Joe Adonis
Joe Adonis
Joe Adonis, also known as "Joey A", "Joe Adone", "Joe Arosa", "James Arosa", and "Joe DiMeo", was a New York mobster who was an important participant in the formation of the modern Cosa Nostra crime families.
Joe Adonis's personal information overview.
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Kỳ1: Cuộc chiến Castellammarese - Tin nhanh
Google News - over 5 years
Masseria có trong tay "những gã Thổ trẻ" như Lucky Luciano, Albert Anastasia, Vito Genovese, Frank Costello, Joe Adonis, Willie Moretti, và Carlo Gambino. Trong khi đó, Maranzano dựa dẫm vào Joe Magliocco, Joe Bonanno, và Joe Profaci cũng như "những kẻ
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Google News article
Mexican Reporter: Book About Mob Written Amid Drug War - Latin American Herald Tribune
Google News - over 5 years
Hill, who was the girlfriend of mobsters Joe Epstein, Frank Nitti, Charles Fischetti, Frank Costello and Joe Adonis, was sent to Mexico by the Cosa Nostra, the most powerful of the Italian-American organized crime groups operating in the United States,
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Google News article
Cosa Nostra smuggled Mexican drugs into U.S. in post-war period - Fox News
Google News - over 5 years
Hill, who was the girlfriend of mobsters Joe Epstein, Frank Nitti, Charles Fischetti, Frank Costello and Joe Adonis, was sent to Mexico by the Cosa Nostra, the most powerful of the Italian-American organized crime groups operating in the United States,
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Google News article
La Cosa Nostra pasó drogas a EEUU desde México en posguerra, dice escritor -
Google News - over 5 years
Hill, amante de capos como Joe Epstein, Frank Nitti, Charles Fischetti, Frank Costello y Joe Adonis, fue enviada a México por la Cosa Nostra, uno de los grupos de la mafia italiana en EEUU, para garantizar la protección para el tráfico de drogas,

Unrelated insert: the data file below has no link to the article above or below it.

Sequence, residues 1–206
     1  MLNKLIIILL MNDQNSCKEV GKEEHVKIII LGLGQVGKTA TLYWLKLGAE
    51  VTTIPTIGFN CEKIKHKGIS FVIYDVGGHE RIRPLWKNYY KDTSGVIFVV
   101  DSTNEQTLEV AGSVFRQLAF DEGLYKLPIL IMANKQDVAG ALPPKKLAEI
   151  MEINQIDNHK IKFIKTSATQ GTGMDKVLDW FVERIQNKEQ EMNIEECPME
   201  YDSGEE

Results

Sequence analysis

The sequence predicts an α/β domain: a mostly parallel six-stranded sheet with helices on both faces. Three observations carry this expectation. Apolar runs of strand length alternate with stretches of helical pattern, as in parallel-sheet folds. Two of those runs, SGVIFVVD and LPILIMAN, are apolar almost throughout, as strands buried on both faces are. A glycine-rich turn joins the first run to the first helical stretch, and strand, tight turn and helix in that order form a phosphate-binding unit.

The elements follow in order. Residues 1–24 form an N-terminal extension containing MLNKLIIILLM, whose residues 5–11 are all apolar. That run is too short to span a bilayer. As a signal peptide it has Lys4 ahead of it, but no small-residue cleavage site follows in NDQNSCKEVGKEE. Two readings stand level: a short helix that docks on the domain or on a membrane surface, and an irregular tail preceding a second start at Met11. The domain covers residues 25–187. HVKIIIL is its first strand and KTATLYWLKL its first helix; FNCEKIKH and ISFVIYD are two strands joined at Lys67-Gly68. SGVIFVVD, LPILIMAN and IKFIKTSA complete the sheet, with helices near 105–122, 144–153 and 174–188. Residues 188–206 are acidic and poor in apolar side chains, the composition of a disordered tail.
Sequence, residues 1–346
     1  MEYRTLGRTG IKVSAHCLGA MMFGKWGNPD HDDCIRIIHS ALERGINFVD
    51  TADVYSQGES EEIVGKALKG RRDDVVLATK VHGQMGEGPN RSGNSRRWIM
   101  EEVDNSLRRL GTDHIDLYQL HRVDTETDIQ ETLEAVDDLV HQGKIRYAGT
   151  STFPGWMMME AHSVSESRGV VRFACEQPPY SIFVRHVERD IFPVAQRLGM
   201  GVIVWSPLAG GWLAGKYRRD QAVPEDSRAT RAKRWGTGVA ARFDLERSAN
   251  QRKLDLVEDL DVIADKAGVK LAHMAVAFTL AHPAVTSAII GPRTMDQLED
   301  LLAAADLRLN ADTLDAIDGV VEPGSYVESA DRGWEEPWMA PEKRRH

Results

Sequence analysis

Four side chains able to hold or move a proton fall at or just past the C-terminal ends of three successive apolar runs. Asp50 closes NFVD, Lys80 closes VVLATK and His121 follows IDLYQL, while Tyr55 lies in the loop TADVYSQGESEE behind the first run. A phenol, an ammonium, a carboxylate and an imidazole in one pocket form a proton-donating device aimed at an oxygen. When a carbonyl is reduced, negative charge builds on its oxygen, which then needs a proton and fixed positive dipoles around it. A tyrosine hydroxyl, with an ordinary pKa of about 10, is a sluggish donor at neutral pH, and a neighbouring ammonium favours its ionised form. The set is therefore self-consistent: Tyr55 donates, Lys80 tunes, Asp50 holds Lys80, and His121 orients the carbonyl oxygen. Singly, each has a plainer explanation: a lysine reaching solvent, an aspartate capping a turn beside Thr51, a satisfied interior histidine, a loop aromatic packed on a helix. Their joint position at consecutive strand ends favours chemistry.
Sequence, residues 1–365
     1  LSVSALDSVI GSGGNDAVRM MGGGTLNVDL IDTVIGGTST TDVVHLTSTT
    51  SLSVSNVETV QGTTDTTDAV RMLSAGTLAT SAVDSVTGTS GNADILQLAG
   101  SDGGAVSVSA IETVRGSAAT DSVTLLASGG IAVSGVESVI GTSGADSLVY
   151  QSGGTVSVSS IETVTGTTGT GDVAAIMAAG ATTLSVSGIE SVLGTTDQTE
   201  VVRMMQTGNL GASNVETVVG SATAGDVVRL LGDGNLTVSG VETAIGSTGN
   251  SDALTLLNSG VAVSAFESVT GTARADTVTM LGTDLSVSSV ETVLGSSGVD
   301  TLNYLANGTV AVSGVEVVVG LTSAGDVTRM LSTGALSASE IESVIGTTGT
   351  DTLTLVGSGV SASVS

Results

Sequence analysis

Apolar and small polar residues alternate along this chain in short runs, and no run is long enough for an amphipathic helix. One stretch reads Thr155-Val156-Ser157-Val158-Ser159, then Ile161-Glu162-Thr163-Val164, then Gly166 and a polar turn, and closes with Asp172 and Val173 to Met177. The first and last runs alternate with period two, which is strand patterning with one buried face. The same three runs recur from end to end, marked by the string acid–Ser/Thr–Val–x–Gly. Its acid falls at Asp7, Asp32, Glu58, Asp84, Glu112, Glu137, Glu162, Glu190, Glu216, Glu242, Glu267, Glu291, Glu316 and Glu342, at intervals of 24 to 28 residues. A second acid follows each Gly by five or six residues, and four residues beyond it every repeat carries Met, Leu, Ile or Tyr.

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Google News article
La nascita della "multinazionale" del traffico internazionale di droga - AgoraVox Italia
Google News - almost 6 years
Da Napoli, Lucky Luciano, Giuseppe Antonio Doto, alias Joe Adonis; Frank Coppola (detto “tre dita”), Pietro Davì (detto “Jimmy l'americano”) ed il mafioso italo-americano Vito Genovese, che durante la guerra era stato aiutante del comandante delle
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Google News article
FURNISHINGS; From Miami, Nightclub Chic With Istanbul Flair
NYTimes - over 9 years
Few decorators have been as Runyonesque as James Mont (1904-1978), who carried a revolver, hung out with hoodlums and spent five years in Sing Sing for assault. When he wasn't adding to his rap sheet, the Istanbul-born New Yorker was furnishing homes in a high-glitz nightclub-style chic that appealed to Mafia figures like Joe Adonis. Starting
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NYTimes article
THE SATURDAY PROFILE; An Italian One-Hit Crooner Is Back at Center Stage
NYTimes - about 13 years
THREE words have defined Tony Renis's life. Actually, one word has defined it, but that word must be said three times, like a mantra, at which point just about anyone who has listened to a wide range of music or Muzak over the last four decades is likely to nod, hum and, without knowing it, pay homage to Mr. Renis. In 1962, he wrote the song
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NYTimes article
Arthur Segall, Tax Lawyer And Prosecutor, Dies at 95